Michael Flynn's chatty ways landed him under investigation for his ties with Russia. Now his silence and noncompliance with a Senate panel could land him in jail.

In theory.

In practice, there's little risk U.S. President Donald Trump's former national security adviser could be imprisoned for his refusal to hand over documents sought under subpoena by a Senate intelligence committee — even as two new subpoenas were served up this week in the latest escalation of the probe into Trump associates' alleged contacts with Russian officials.

'Luckily for Flynn, the Department of Justice is under the control of President Trump, who has already announced his support for Flynn.' - James Duane, Fifth Amendment expert and Regent University law professor

Flynn's invocation of the Fifth Amendment — a right to refuse to testify as a witness against himself — is so universally recognized, legal experts say, that the efforts to compel him to co-operate won't have much bite.

A contempt of Congress citation "means less than you would think," says former federal prosecutor Barak Cohen, with the Washington firm Perkins Coie.

The Senate would have to refer contempt charges to the U.S. attorney for the District of Columbia. Judicial proceedings could take years, potentially outlasting any public interest in the matter.

If a U.S. attorney did prosecute for failure to comply with a congressional subpoena, it would amount to a misdemeanour offence punishable by a fine of no more than $1,000 and up to 12 months in prison.

Jail time may be a scary prospect, but "typically, they will do nothing, especially when ... Fifth Amendment rights," are asserted, Cohen says.

Going to trial and getting convicted of contempt of Congress is also not an easy thing to do, says James Duane, a former federal criminal defence attorney and expert on the Fifth Amendment. It would fall to the Department of Justice to seek charges, Duane says.

"And luckily for Flynn, the Department of Justice is under the control of President Trump, who has already announced his support for Flynn," Duane says.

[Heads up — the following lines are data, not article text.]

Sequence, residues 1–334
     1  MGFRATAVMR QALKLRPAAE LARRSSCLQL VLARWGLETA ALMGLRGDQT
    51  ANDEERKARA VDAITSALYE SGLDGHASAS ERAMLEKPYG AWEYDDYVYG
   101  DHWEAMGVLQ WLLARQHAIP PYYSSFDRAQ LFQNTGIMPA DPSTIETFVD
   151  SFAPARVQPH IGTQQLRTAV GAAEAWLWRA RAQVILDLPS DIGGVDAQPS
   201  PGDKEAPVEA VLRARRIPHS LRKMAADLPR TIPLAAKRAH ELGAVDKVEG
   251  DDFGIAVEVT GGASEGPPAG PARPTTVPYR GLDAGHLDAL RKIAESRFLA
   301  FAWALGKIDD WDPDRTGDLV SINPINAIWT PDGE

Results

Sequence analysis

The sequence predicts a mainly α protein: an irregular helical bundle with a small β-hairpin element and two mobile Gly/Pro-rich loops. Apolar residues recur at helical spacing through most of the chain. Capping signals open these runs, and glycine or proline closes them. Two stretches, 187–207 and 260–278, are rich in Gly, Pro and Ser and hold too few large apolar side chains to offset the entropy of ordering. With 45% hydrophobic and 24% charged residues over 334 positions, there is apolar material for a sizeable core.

Even if Flynn were convicted, Trump could issue a presidential pardon.

No case in modern history

Although contempt of Congress citations have proceeded before, criminal law and constitutional scholars couldn't recall any case in modern history that led to imprisonment.

Flynn, who Trump fired in February after revelations he lied about talks with the Russian ambassador, is exercising caution. In March, a Senate intelligence committee rejected his bid to strike a deal for immunity from prosecution in exchange for testimony into alleged Russian meddling in the 2016 presidential election.

Although the Fifth Amendment broadly protects someone from being compelled to give self-incriminating testimony, a central question is whether that constitutional privilege also protects Flynn from refusing to produce documents.

"Congress has investigatory powers, and with that comes subpoena powers," says Senate expert Rachel Bovard. "My understanding is that the Fifth Amendment only protects someone from self-incrimination but doesn't protect that person from being compelled to produce existing documents."

Flynn's defiance of the subpoenas could be challenged by the Senate committee under the "foregone conclusion" doctrine. By this rationale, handing over the files would not be considered incriminating if the government already knows the documents exist."

Flynn's most likely legal argument is a reliance on the "act of production" doctrine for coverage under the Fifth Amendment — a rare situation in which the mere act of collecting or producing the requested evidence would be tantamount to admitting its existence or authenticity.

Trump National Security Advisor

Flynn invoked his constitutional right against self-incrimination in response to a subpoena from the Senate intelligence committee. (Carolyn Kaster/Associated Press)

"If I walked in and said, 'Here's the stuff you're looking for,' I'm just incriminating myself," Duane says. "Just by producing these damning documents, I'm giving evidence that can be used against me by forcing me to admit that I knowingly possessed these materials."

That would give the government the "benefit of an admission" they could use against the witness or suspect, Duane says.

'If you're innocent, why are you taking the Fifth?'

As Congress turns up the heat on Flynn, his past remarks disparaging use of the Fifth Amendment have come back to haunt him. Last June, Flynn ridiculed Bryan Pagliano, who worked for Hillary Clinton when she was at the State Department, for invoking the privilege during a deposition.

During the election campaign, Trump also questioned why some former Clinton staffers would invoke the Fifth Amendment.

"The mob takes the Fifth," Trump told an Iowa crowd. "If you're innocent, why are you taking the Fifth Amendment?

But pleading the Fifth should not be inferred as a legal admission of guilt, even if it is reputationally damaging, says Yvonne Tew, an associate professor of constitutional law at Georgetown University.

"You could be innocent and still assert the Fifth Amendment," she says. "However, when public figures invoke the Fifth, sometimes in the court of opinion people do infer guilt."